A very unique architectural feature of Lucca is its one-of-a-kind Piazza Anfiteatro. This inimitable location consists of an array of buildings that were built on the site of an ancient Roman amphitheater. While the amphitheater no longer exists, some parts still stand and the buildings, cafés, and restaurants were built following the distinct semi-circular shape of the amphitheater. The square is a center for cultural events and activities.

Another must-see is Torre delle Ore, which is the city’s tallest tower. The tower dates back to the fourteenth century, and eighteenth-century renovations added a modern mechanism to the tower. Travelers to Lucca must climb to 207 steps to the top of the tower where the best panorama of the city and the surrounding area can be admired.

The city of Lucca and the surrounding countryside feature beautiful villas complete with immense gardens. Travelers can admire the stately rooms and grand halls, then spend time among the exotic plants, fountains, and statues in the gardens. Several of the villas are renowned for their Renaissance architecture. A few examples include Villa Bernardini in Vicopelago, Villa Mansi in Capannori, Villa Grabau in San Pancrazio, Villa Reale in Capannori, and Villa Torrigiani of Camigliano.


Not far from Lucca proper, Bagni di Lucca is a town that was heralded as a meeting spot for famous writers and poets. In fact, English poet Percy Shelley wrote “The Baths of Lucca” about the town. During the nineteenth century the town drew in such famed writers and poets such as Lord Byron, Robert Browning, Giosuè Carducci, Charles Lever, Vincenzo Monti, Eugenio Montale, and more.

Lucca was also the focus of a poem by famed Italian poet Gabriele D’Annunzio as part of a collection of poems entitled Elettra.


Music is a key aspect of Lucca’s culture. The city is the birthplace of famed opera composer Giacomo Puccini, the last in a long line of musicians in the Puccini family. Born in 1858, Puccini would go on to compose some of the world’s greatest and most famous operas, including Madame Butterfly, Tosca, and La bohème.

His fifteenth century home, Casa di Puccini, has been transformed into a museum that celebrates Puccini’s life, work, and legacy. The home is located in the Piazza della Cittadella, where there is a bronze statue of the composer in the center of the square. In the Puccini house museum there are many pieces of memorabilia from the famous composer’s career, including sheet music, letters, drafts of early work, photos, costumes from his operas, and more.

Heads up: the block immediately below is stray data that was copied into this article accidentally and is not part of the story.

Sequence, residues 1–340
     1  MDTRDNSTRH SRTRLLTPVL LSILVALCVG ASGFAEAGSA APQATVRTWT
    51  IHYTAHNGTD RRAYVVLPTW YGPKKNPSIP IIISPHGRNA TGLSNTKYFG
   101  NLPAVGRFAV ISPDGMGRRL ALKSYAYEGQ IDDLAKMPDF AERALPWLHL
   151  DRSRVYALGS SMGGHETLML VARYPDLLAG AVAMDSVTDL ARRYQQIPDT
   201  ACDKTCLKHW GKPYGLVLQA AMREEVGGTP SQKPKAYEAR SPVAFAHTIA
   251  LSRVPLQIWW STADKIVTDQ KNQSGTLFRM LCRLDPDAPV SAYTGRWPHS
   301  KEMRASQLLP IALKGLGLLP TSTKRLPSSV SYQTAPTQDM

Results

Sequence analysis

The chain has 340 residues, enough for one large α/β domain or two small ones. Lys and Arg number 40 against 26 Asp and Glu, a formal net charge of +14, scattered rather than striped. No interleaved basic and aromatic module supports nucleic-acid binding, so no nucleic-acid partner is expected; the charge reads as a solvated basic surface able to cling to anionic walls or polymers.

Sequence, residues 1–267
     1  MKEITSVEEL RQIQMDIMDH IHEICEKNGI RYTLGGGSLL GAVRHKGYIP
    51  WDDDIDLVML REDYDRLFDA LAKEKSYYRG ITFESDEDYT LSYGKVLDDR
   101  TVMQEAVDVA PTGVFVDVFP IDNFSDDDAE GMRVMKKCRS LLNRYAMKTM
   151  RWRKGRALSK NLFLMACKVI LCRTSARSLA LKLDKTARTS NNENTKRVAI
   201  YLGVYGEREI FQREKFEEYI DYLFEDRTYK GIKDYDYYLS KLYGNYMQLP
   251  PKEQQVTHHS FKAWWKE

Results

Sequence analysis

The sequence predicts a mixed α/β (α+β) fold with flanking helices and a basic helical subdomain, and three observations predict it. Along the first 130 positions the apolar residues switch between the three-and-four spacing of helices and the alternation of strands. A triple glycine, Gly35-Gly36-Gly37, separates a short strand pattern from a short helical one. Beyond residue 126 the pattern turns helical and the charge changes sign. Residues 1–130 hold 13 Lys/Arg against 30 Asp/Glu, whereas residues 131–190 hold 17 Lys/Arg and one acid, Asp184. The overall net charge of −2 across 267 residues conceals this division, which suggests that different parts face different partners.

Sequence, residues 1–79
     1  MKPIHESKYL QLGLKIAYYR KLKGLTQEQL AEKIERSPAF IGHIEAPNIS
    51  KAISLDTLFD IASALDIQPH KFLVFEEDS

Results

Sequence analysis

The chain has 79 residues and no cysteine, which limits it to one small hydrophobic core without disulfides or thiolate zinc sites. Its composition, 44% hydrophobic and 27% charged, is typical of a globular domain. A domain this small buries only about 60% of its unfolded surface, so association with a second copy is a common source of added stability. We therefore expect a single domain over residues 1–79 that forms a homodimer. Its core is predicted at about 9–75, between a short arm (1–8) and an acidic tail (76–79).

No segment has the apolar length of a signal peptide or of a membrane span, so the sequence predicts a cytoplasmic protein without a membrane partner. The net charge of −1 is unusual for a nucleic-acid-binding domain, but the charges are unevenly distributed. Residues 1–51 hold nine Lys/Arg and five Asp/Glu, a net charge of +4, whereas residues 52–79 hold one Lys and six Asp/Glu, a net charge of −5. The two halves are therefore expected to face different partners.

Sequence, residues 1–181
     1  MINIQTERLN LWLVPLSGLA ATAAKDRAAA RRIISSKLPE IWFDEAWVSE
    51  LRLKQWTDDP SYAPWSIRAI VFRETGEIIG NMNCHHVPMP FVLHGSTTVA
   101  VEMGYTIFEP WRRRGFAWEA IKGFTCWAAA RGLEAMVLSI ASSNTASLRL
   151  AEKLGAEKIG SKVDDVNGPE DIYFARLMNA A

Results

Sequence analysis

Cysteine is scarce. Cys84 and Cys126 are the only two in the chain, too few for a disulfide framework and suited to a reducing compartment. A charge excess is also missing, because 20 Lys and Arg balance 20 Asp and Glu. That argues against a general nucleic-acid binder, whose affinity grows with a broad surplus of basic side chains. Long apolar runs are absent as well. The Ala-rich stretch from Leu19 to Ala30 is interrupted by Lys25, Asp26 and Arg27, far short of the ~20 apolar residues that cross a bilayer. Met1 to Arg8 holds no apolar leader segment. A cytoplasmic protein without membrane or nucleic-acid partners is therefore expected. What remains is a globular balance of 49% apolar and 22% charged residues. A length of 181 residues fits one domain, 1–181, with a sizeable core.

To honor Puccini, there is an annual summer Puccini Opera festival held in Lucca each July and August.

Other music-focused events held in Lucca include the Opera Season at the Teatro del Giglio, the Sagra Musicale Lucchese – an array of religious and classical concerts throughout the city, and the Lucchese September Festival – an event that includes festivals of jazz, pop, and classical music.

Additionally, other musicians born in Lucca include Luigi Boccherini, Alfredo Catalani, Francesco Geminiani, and Gioseffo Guami.


Lucca was notably used for a filming location for the 1995 film Portrait of a Lady as well as the Mauro Bolognini film from 1958 called Giovani Mariti. Other movies filmed in Lucca or the surrounding province, at least in part, include La provinciale (1953), Per le antiche scale (1975), L’innocente (1976), Finalmente la felicità (2011), and Miracle at St. Anna (2008).


Lucca is home to the Academy of Sciences, dating back to 1584. It is the most famous of the city’s several academies and libraries. Lucca is also home to IMT Lucca, a research institution and graduate school.

Among Lucca’s citizens, one scientist by the name of Vincenzo Lunardi stands out. Lunardi piloted the first manned flight over England in a hot air balloon. He made subsequent flights in Scotland, Italy, Spain, and Portugal. Other important scientists that were also Lucca natives include the engineer Felice Matteucci, physician Antonio Vallisneri, and medieval surgeon Hugh of Lucca.

Lucca’s stunning panoramas are matched only by the city’s vast cultural landscape. “The City of 100 Churches,” which is renowned for its Renaissance charm, shines brightly with its historic architecture, breathtaking artwork, and literary legacy.